The US Energy Information Association (EIA) released its Annual Energy Outlook for 2015 (AEO2015), which includes projections up to the year 2040. When it comes to natural gas, the association predicts the US will shift from net importer to net exporter status by 2017.
The EIA evaluated a range of trends and issues that could have major implications for the US energy markets. Considering the uncertainties in any energy market projection, the EIA included a main reference case and five alternative cases, all of which are defined in the chart below:
While the reference case is the association’s best prediction, it suggests that case should not be viewed in isolation. EIA encourages readers to “review all cases to gain perspective on how variations in key assumptions can lead to different outlooks for energy markets.”
For the sake of brevity, Gas Investing News focused on the reference case, taking a look at the key points surrounding the natural gas price forecast as well as the production, supply and demand forecasts.
Natural gas price predictions
The EIA used Henry Hub natural gas spot prices for its price predictions. Those vary according to the availability of domestically produced resources, overseas demand for US liquefied natural gas and trends in domestic consumption, according to the EIA. Using the reference case from the report, the Henry Hub spot price is set at $4.88 per million British thermal units (Btu) in 2020, rising to $7.85 per million Btu in 2040.
“[I]ncreased demand in domestic and international markets requires an increased number of well completions to achieve higher levels of production,” the report explained. “In addition, lower cost resources generally are expected to be produced earlier, with more expensive production occurring later in the projection period.”
The price of natural gas delivered to residential and commercial sectors is set to increase from 2013 to 2040 in all cases outlined in the report, with commercial natural gas consumption going up due to factors such as growth in aggregate commercial square footage.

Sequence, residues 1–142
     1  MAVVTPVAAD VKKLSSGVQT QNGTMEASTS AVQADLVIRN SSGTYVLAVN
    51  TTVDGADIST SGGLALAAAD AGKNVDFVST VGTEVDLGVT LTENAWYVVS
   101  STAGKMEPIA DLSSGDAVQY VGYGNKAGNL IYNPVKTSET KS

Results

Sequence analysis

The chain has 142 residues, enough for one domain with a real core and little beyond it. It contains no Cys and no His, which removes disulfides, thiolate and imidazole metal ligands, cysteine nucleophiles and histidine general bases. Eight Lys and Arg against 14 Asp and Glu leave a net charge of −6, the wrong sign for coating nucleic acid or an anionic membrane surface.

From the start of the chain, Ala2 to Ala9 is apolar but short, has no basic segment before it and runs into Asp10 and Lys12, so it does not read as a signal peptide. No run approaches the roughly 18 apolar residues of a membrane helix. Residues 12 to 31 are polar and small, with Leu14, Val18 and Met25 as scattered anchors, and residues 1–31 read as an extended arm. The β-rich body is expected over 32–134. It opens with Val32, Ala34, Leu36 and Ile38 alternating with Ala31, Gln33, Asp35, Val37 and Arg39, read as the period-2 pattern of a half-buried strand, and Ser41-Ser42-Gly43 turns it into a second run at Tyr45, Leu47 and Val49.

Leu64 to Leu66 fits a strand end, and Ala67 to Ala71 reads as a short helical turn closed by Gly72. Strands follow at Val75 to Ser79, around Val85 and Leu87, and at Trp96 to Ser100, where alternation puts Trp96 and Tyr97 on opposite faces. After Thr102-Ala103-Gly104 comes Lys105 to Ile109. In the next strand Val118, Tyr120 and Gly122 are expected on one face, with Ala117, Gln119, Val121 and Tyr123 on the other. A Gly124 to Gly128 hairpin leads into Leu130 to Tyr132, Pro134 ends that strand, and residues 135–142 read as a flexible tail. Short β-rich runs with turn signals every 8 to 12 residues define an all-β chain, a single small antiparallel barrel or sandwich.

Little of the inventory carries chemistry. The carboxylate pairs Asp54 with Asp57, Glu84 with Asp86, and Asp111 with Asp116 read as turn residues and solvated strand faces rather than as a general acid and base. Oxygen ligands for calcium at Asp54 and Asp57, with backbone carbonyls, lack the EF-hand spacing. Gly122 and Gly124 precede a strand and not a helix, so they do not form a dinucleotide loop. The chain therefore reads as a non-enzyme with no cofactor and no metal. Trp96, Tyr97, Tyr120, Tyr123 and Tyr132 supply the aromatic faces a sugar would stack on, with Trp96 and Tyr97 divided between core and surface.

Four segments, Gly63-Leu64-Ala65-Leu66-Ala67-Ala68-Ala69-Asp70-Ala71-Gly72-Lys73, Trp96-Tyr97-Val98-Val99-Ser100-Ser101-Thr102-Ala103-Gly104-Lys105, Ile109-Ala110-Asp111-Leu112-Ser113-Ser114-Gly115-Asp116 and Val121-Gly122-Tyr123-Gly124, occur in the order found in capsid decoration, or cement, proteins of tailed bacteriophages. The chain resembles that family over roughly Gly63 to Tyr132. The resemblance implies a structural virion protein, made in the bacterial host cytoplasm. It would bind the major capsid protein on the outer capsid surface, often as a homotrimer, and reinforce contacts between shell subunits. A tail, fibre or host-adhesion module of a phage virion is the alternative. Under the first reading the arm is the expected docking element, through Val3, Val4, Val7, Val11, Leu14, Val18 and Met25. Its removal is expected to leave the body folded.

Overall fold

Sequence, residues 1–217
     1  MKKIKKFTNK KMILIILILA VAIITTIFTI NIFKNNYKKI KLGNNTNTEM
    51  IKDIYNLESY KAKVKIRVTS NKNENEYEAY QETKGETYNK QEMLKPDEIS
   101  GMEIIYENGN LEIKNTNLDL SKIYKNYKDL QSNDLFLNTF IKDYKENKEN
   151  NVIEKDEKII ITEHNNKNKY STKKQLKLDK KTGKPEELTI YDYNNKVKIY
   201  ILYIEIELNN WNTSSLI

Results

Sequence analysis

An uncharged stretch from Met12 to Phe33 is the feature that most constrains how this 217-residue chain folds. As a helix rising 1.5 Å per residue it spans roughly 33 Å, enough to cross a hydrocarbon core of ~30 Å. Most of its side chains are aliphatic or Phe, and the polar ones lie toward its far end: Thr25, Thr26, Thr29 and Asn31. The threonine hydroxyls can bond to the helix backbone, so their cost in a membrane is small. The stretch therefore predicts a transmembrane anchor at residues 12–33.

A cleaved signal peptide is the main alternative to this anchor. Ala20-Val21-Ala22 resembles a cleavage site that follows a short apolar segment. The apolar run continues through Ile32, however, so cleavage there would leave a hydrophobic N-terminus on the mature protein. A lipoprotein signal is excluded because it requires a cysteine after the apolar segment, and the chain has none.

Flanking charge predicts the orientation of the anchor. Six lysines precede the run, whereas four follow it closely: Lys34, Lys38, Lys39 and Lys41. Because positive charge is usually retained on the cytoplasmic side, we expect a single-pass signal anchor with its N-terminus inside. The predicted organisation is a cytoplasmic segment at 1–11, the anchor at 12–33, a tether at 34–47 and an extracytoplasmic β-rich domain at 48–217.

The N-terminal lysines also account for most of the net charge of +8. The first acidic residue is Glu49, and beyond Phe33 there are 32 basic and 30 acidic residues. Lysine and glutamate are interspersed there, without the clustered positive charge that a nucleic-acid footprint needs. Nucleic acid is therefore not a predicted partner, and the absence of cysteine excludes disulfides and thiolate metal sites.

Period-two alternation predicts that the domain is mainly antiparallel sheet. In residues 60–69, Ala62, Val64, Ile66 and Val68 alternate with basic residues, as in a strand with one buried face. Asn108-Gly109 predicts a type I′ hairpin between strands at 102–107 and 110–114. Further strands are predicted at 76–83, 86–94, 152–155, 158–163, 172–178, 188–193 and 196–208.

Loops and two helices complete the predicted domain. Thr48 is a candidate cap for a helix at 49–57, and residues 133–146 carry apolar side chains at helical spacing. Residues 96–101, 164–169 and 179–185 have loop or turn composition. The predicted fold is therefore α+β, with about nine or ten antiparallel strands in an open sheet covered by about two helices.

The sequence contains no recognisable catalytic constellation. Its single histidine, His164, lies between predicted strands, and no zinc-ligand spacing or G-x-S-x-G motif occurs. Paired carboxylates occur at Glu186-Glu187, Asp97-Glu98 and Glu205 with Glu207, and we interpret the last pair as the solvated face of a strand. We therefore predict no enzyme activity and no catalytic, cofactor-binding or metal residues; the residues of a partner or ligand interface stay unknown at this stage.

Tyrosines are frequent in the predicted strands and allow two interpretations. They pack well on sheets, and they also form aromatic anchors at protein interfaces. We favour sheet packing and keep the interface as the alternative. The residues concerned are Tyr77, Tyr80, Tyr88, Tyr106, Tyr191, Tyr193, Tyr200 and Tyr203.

On the other hand, the report notes that consumption on the residential side of things is expected to decrease in spite of economic growth, because of population shifts to warmer areas, increasingly efficient home appliances and an increased use of electric home heating systems.
Natural gas production
Looking at changes in output, the report notes that total dry natural gas production in the US increased by 35 percent between 2005 and 2013, which was likely due to the natural gas share of total US energy consumption rising from 23 percent to 28 percent. That growth in production was largely a result of the development of shale gas resources in the lower 48 states, which the report noted “more than offset declines in other Lower 48 onshore production.”
According to the reference case, more than half of the total increase in the shale gas production comes from the Haynesville and Marcellus formations. Haynesville is located under southwestern Arkansas, northwest Louisiana, East Texas and Marcellus is located in the Appalachian Basinwhich extends through New York, Pennsylvania, Ohio, West Virginia and a number of other eastern states.
Overall, shale gas production – which includes natural gas from tight oil formations in the lower 48 states – increases by 73 percent in the reference case between 2013 and 2040.
Natural gas imports and exports
Overall, the EIA sees net natural gas imports continuing to drop through 2040, regardless of differing variables from the six cases considered in the report. The association noted that net natural gas exports have been on the decline since 2007. In fact, the report sees the US shifting to become a net exporter of natural gas in 2017, with that change largely being driven by increased pipeline exports to Mexico and a reduction in imports from Canada.
In the reference case, new exports from the US are set to total 5.6 trillion cubic feet (Tcf) in 2040, with most net export growth occurring before the year 2030; that’s when gross LNG exports are expected to reach their highest level at 3.4 Tcf. The report also sees lower levels of net pipeline imports from Canada, with net pipeline exports to Mexico growing from 0.7 Tcf in 2013 to 3 Tcf in 2040.
Overall, the price of LNG supplied to international markets is significantly higher than the price of US domestic natural gas supply in the near term. “The growth in US LNG exports is driven by this price difference, which also discourages US LNG imports,” the EIA explained.
As a final note, when it comes to Canada, the report expects the country to continue as the source of nearly all US pipeline imports through 2040. Canada accounted for 97 percent of total US pipeline imports of natural gas in 2013
Securities Disclosure: I, Kristen Moran, hold no direct investment interest in any company mentioned in this article.